We set off one foggy morning in a sparkling, well tuned ambassador with Sonuji from RTDC at the wheel, from Bikaner House in Delhi. We sped through the empty roads through Delhi-Gurgaon-Rajasthan towards our first stop, a tiny detour actually, to The Sariska Tiger Reserve.
We were keeping good time and there was no fog that had slowed down traffic only yesterday, 3 hours from Delhi and yet no sign of Sariska. Did we miss the turning? A traffic police confirmed that we hadn’t. ‘40 kms baad, ji’. 40kms soon whizzed past and yet no sign of the turning to Sariska. Sonuji got down to enquire disbelief writ large on his face. He hadn’t heard of Sariska. Seems we had left it behind. Sonuji clucked and asked in a low voice “jaana zaroori hai kya? Ek chiria ghar hai?”. “Chiria ghar? Nahin bhai. Jangul hain, sher hain”, was my father- in-law’s emphatic retort!!
Sonuji shut up and took a U-turn and this time we found the road although there were no signs. We had to stop frequently to inquire and were told we were on the right road but were given a bewildering variety of names of roads and villages through which we had to pass. And then suddenly there it was. A short turning to the right – past an ornate old gate on high pillars and domes and fading pink and green paint. Sariska Natural Park and Tiger Sanctuary. It had a colourful tiger painted on it too!
The gate was shut but there was a window alongside with an attendant who informed us that there was no entry fee on that day, Tuesday, because of puja at the Hanuman temple at Pandupole. What? A temple in a tiger reserve? He told me that there was a supine Hanuman temple at the other end of the Sanctuary and there were no guided tours on that day. But we could take our car in and drive straight through without leaving the metal road which ran straight through the reserve. Fine!
But first, breakfast, at the only place nearby – the RTDC hotel. There were quite a few guests there including two young chaps with binoculars slung around there necks. This cheered us up. The sanctuary must be full of tigers. A and father-in-law (fil) settled to sumptuous omelettes which were larger than the plates they were served in. (Reminds me of a line in a Bengali movie where the heroine, served with a 6 egg omelette remarks – omelette na carpet?). Mother-in-law(mil) is vegetarian on Tuesdays and I am allergic to eggs. So we settled for vegetarian sandwiches: Tiny triangles rendered tinier by slicing off the crusts – a hangover of the Raj, I think. Read somewhere that English teas were accompanied by wafer thin cucumber sandwiches. The cucumber was alas, missing, but wafer thin it was. The ‘vegetable’ consisted of a very thin, almost fine slice of tomato, salted and peppered. We didn’t know whether to laugh or cry. This was followed by some milky coffee (A and I are by now used to strong black coffee – French style). Breakfast finished, we returned to our car and entered the sanctuary with hearts full of hope to catch sight of at least one tiger, if not more, although with empty stomachs (mil and I)!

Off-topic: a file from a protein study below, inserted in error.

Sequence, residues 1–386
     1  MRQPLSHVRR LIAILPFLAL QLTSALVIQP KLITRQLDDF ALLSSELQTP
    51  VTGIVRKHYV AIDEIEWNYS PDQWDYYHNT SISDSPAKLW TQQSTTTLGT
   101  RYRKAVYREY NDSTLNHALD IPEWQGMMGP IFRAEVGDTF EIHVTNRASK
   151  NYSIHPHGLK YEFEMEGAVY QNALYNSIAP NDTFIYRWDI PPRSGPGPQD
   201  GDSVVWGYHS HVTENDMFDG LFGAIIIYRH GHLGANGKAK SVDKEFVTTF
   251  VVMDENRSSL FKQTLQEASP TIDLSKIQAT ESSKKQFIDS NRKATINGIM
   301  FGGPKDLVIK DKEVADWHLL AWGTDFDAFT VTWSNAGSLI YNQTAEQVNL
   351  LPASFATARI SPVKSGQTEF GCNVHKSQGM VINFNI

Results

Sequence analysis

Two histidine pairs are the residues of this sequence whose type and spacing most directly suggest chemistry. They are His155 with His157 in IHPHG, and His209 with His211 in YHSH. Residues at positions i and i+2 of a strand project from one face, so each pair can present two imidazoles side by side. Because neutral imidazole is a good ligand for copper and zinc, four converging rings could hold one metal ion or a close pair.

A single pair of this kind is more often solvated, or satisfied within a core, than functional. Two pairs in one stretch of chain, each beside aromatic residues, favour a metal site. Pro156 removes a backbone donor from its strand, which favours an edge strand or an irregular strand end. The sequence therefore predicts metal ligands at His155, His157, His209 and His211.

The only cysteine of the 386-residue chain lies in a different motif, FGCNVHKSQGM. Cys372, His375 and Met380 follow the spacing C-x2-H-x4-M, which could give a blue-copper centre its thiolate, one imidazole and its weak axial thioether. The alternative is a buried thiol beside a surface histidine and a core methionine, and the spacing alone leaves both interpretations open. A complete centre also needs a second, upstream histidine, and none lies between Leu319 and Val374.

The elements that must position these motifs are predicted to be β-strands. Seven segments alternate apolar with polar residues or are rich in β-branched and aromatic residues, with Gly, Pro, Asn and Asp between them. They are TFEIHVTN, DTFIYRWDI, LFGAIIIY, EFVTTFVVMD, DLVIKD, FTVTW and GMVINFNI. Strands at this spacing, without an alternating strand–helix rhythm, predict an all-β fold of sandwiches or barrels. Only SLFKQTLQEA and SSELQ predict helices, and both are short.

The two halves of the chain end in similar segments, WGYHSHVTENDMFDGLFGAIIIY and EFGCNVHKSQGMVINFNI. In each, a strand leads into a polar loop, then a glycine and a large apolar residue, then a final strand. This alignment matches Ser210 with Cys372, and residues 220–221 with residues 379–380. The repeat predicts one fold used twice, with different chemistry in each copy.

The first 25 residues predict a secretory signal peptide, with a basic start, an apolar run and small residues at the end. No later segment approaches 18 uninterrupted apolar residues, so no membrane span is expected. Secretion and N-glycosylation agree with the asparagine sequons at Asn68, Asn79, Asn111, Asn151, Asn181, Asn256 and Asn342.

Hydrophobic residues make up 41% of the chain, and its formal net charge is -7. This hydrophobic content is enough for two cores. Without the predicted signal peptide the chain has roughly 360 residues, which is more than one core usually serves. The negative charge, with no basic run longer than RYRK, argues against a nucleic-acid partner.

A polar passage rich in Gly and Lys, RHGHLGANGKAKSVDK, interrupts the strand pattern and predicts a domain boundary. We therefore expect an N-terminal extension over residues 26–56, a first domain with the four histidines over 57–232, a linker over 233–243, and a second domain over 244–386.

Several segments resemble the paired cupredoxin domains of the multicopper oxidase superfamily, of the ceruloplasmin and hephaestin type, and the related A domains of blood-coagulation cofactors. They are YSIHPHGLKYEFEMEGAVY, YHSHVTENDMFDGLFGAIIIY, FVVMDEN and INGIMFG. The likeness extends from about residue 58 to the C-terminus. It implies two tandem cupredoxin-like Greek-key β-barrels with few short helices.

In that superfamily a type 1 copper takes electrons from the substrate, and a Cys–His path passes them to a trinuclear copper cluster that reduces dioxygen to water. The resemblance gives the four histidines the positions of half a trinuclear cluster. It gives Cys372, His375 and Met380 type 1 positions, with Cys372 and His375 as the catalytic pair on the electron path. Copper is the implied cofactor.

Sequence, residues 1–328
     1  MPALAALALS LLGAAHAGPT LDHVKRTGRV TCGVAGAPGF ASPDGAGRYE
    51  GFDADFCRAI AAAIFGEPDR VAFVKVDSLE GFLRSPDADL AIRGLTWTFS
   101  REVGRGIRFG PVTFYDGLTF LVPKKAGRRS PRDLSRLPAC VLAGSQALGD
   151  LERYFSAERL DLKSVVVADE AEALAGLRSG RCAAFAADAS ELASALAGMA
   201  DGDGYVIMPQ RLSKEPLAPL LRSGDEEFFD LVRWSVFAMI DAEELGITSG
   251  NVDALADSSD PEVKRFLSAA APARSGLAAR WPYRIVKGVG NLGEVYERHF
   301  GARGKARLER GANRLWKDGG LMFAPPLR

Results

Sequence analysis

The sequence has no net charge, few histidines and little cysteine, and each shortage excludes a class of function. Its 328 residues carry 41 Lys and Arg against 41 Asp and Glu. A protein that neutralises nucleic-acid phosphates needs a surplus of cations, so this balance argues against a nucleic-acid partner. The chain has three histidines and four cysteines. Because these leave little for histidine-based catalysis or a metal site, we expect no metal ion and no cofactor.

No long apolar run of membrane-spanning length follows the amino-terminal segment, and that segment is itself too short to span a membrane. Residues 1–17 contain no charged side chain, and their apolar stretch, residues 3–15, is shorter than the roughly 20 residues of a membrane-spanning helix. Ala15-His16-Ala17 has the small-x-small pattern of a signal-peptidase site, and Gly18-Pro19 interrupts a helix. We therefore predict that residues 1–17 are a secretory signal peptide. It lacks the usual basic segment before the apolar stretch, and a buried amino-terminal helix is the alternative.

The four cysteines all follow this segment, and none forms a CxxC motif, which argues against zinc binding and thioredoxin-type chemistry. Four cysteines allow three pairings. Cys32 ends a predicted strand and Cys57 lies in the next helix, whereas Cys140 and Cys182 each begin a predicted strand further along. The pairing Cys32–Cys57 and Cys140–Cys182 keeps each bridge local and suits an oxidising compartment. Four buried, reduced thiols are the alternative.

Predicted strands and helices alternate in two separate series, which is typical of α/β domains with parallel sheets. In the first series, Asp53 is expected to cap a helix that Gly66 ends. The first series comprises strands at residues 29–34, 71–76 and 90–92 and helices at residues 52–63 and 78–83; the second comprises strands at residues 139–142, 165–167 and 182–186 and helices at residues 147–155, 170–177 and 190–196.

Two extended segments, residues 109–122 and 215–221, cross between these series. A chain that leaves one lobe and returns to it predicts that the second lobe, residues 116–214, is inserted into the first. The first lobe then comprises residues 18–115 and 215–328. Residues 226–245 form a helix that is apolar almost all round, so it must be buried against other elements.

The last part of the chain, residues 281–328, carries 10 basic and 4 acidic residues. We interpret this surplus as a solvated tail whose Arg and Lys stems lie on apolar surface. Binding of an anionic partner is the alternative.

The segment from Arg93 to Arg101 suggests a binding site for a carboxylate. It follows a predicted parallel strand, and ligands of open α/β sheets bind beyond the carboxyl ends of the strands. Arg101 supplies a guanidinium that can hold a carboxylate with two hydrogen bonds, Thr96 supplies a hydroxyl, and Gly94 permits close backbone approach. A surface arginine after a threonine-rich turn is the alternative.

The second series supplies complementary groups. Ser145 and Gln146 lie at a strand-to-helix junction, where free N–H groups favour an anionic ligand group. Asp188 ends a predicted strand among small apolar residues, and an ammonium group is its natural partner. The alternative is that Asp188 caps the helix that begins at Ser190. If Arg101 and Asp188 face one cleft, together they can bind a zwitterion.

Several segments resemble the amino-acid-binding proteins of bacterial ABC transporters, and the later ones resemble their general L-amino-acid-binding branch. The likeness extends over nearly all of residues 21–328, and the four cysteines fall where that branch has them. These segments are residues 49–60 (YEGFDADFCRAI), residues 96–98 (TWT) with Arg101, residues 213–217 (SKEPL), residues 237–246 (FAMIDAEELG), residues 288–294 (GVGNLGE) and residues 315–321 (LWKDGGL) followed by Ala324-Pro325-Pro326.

We were handed a small plastic card with the do’s and don’t’s. A read it out and said we had to drive at not less than 30 km/hour – great! This surely meant the place was swarming with tigers! We were told to stick to the metal road which ran straight down the sanctuary and to avoid the tracks that ran off from the main road. Thick brush, trees, narrow gullies almost dry surrounded both sides of the road. There were a few cars crawling ahead of us. We didn’t have to wait long to get our first sight of wildlife. There were various types of deer – small, big, with and without antlers, in groups or single, pheasants and of course hanumans. No tiger yet. We kept our eyes peeled though. Just in case. Beginners luck. An old toothless woman in bright colours ambled past our car. Wow! Wasn’t she afraid a tiger would pounce on her? Another one – sunning herself. Wow! The locals are brave.
Then I found out that we had to travel at not more than 30 km/hr and not over. Mil was convinced we were on a wild goose chase – simply a waste of time. Fil and I were still hopeful.
Occasionally a car ahead would slow down and out would come the binoculars and we too would stop and crane our necks to see what could it be that was of interest to them? And then we’d reluctantly move on seeing it was a deer or perhaps a bird.